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Goodbye, ‘The Good Place.’ Thanks for Not Being NCIS.

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There’s an old Yiddish joke about restaurants I like.

It varies depending on who’s doing the telling, but basically it goes like this. A married couple comes out of a restaurant, both disgusted by the meal they just ate. The husband says, “Can you believe that? The food was terrible!” The wife responds, “And such small portions, too!”

Primetime network television deviates from that equation in one significant regard. It’s likewise terrible, but there’s such massive portions of it.

A quick scan of weekly listings reveals some themes. Apparently, we as a culture can’t get enough übermenschen in spandex. There are an awful lot of cops on TV.

How is “NCIS” still on the air again?

There’s even a couple of shows about rich people, “This Is US” and “Dynasty,” and a smattering of “reality” shows whose existence is similarly inexplicable.

Also, seriously, who actually watches “NCIS?”

Amid all this detritus, and due to go off air completely after the airing of its final episode on January 30, is NBC’s Thursday night gem “The Good Place.” And, while it’s true that there are some other smart shows on television, those are mostly confined to streaming or premium channels.

Netflix’s “Ozark,” “Mindhunter,” and “Altered Carbon,” along with HBO’s “Succession” and “Watchmen” spring to mind. But “The Good Place” stands out from those because it’s tonally much lighter than the other five.

‘The Good Place.’ Photo courtesy of Netflix.

But the fact that the entire cast is dressed in pastels, save Ted Danzen, and most of the color pallette is also rather bright is only superficially relevant. Unlike TV’s more plot-driven superhero shows and police procedurals, “The Good Place” distinguishes itself primarily on the strength of its character development.

Each character, rich-girl Tahani, superficial telemarketer Eleanor, house DJ and pyromaniac Jason, is tightly and richly drawn. And, the show’s catalyst is strangely a moral philosophy professor named Chidi.

What draws the characters together in the first place is also a rarity for network television. All of the above have died and gone to what they believe is some kind of heaven, the Good Place in the show’s lexicon. Eleanor rapidly discovers, however, that she was sent to the Good Place by mistake, and instead should have wound up in the bad place.

Over time it is revealed that all of them have been sent to this part of the afterlife as part of an experiment run by an “architect” by the name of Michael, played by Danzen, who has designed the Good Place as a Bad Place venue for Tahani, Eleanor, Jason and Chidi to torture one another. Chidi, then, is forced to teach the others ethics so that they might make their case for admission into the Good Place proper.

It’s an absurd concept, but somehow it works, even at its most absurd when gargantuan cocktail shrimp darken the sky. Kristen Bell, who is excellent as Eleanor, carries much of the show, but it’s hardly noticeable given that what matters here is the relationships between the characters.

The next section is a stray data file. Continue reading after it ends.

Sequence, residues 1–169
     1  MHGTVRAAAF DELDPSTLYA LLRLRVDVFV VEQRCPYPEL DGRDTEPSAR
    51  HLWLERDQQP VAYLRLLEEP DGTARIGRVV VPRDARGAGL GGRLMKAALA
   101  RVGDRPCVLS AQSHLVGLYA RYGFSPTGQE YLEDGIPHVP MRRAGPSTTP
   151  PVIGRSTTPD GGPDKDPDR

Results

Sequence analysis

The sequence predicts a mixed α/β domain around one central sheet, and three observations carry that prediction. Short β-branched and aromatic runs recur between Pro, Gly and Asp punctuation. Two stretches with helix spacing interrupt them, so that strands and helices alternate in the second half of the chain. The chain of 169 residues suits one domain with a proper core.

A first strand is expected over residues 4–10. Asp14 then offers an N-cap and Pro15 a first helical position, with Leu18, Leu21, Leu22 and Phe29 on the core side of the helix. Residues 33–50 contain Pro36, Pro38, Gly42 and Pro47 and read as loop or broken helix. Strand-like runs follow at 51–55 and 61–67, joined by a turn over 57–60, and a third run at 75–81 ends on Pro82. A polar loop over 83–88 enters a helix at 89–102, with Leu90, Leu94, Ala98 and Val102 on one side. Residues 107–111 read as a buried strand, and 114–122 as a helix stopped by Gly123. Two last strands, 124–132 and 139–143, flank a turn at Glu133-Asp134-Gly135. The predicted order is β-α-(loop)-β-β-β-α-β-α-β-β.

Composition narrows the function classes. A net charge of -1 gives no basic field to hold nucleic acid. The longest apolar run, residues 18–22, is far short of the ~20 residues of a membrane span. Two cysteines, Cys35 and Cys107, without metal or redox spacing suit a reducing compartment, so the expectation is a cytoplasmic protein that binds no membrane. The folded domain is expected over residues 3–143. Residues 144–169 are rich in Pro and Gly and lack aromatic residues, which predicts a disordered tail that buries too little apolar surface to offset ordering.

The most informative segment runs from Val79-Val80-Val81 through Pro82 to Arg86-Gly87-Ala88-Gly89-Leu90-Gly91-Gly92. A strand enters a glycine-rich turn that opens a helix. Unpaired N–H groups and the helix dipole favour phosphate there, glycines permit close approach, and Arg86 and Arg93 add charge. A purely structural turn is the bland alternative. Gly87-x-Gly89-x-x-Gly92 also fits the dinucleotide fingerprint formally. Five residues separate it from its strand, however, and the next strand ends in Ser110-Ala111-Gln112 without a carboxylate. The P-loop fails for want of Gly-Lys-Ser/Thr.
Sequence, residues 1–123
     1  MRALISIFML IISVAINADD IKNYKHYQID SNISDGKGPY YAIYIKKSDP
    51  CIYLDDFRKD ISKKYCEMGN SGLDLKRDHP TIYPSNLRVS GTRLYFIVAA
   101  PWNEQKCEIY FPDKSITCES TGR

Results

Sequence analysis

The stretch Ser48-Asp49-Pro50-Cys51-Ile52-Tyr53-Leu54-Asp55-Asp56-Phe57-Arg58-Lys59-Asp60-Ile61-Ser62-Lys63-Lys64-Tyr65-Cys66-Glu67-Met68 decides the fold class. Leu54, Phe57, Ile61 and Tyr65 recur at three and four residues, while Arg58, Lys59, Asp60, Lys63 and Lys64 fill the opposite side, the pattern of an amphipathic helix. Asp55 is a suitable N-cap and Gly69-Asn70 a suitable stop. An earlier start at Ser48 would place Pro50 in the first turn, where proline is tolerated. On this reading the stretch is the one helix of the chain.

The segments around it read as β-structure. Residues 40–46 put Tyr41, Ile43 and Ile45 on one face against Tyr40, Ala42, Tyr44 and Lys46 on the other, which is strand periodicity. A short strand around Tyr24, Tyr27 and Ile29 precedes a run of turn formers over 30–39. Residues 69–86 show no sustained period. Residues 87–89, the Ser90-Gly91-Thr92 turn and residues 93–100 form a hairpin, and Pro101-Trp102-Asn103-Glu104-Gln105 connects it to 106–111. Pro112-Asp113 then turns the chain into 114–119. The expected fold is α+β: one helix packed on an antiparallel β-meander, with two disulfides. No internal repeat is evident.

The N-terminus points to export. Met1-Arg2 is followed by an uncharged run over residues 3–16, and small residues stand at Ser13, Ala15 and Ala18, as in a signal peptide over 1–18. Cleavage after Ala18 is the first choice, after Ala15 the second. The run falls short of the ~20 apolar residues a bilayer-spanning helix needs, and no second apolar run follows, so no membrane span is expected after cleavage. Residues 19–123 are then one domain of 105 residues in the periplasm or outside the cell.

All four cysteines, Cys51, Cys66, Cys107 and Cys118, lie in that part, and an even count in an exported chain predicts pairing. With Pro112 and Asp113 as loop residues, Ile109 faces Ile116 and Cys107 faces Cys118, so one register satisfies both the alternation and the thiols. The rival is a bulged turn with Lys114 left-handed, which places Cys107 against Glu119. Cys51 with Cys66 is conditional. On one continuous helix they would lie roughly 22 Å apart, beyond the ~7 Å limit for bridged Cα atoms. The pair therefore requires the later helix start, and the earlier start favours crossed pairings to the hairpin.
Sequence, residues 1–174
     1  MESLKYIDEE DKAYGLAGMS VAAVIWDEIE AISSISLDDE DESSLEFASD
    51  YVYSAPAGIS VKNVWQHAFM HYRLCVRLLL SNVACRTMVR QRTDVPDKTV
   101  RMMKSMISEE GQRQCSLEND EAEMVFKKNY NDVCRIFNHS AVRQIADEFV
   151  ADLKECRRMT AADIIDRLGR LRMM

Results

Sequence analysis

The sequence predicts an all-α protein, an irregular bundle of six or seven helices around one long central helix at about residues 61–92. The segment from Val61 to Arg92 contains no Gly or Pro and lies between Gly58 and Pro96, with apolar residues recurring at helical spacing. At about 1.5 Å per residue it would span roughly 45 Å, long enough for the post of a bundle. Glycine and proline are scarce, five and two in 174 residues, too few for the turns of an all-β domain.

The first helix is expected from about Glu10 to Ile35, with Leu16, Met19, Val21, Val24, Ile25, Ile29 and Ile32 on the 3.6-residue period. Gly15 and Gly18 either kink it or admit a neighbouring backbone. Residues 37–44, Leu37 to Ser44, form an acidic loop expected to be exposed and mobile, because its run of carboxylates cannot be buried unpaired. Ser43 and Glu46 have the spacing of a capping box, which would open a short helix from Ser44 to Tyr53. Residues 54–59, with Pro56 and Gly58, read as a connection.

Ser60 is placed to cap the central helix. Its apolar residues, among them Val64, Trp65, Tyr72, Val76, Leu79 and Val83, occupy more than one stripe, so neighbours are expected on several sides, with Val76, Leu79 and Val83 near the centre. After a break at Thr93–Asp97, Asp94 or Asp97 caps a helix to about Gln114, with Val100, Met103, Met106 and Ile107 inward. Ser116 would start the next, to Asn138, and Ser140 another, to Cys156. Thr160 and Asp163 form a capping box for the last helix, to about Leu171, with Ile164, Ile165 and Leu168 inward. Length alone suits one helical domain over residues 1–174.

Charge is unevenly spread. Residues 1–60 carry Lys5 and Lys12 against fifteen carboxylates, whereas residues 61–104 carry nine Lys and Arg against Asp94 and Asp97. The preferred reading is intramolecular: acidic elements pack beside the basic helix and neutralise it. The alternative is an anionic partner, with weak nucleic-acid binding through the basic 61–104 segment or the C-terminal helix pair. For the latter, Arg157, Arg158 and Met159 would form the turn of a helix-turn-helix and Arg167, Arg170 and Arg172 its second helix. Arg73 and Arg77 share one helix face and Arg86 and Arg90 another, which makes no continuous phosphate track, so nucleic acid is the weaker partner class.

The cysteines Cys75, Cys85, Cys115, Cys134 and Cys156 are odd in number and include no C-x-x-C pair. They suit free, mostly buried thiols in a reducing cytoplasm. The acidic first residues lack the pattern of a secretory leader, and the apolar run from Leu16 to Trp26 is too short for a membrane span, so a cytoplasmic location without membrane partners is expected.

This is true not just between Tahani and Jason or Chidi and Eleanor, who are paired up as soulmates at the beginning of the show, but between each other, and between themselves, Michael and Janet, a sort of supernatural android played by D’Arcy Carden.

THE GOOD PLACE — “Derek” Episode 208 — Pictured: (l-r) William Jackson Harper as Chidi, Ted Danson as Michael, Kristen Bell as Eleanor, Jason Mantzoukas as Derek (Photo by: Colleen Hayes/NBC)

Somehow, the writers’ room manages to give viewers an entertaining look at moral philosophy as well.

In fact, arguably the show’s funniest moment comes in season three, episode five, “Jeremy Bearimy,” when Chidi, in the process of having a psychological breakdown, goes on a rant in which he not only summarizes the three main ethical positions in philosophy, teleology, deontology and virtue-based ethics, but labels them all a “steaming hot pile of cat dookie” and sits down to eat a veritable vat of marshmallow Peep chili.

By the time that episode aired, however, viewership for “The Good Place” had sunk below 3 million people per episode, Spartan numbers for a show that aired in a coveted Thursday night primetime slot on a major network.

And so the show goes the way of “Veronica Mars” and “Bored to Death,” two other sharp, quirky TV comedies that featured Bell and Danzen and whose cancellations felt premature despite sagging ratings.

It’s so long for now to “The Good Place.” Here’s to hoping Netflix, which apparently greenlights almost everything that gets pitched, or some other streaming service gives it a good home.

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Nevin Long

Nevin Long

Nevin Long is a writer-reporter, film critic, and East Bay resident since 2009. When he's not slogging it in the rain after a mass demonstration he's writing about, he enjoys spending time with his wife and son, reading contemporary fiction, or kicking back and watching a movie so obscure not even the director's mother has heard of it.